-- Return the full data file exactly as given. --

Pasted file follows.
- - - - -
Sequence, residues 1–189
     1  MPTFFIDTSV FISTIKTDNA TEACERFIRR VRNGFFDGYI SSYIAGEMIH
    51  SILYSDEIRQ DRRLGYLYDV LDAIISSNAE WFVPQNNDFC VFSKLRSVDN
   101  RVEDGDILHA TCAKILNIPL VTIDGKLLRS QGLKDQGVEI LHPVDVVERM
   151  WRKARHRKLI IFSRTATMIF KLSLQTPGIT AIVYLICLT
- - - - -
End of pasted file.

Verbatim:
Sequence, residues 1–189
     1  MPTFFIDTSV FISTIKTDNA TEACERFIRR VRNGFFDGYI SSYIAGEMIH
    51  SILYSDEIRQ DRRLGYLYDV LDAIISSNAE WFVPQNNDFC VFSKLRSVDN
   101  RVEDGDILHA TCAKILNIPL VTIDGKLLRS QGLKDQGVEI LHPVDVVERM
   151  WRKARHRKLI IFSRTATMIF KLSLQTPGIT AIVYLICLT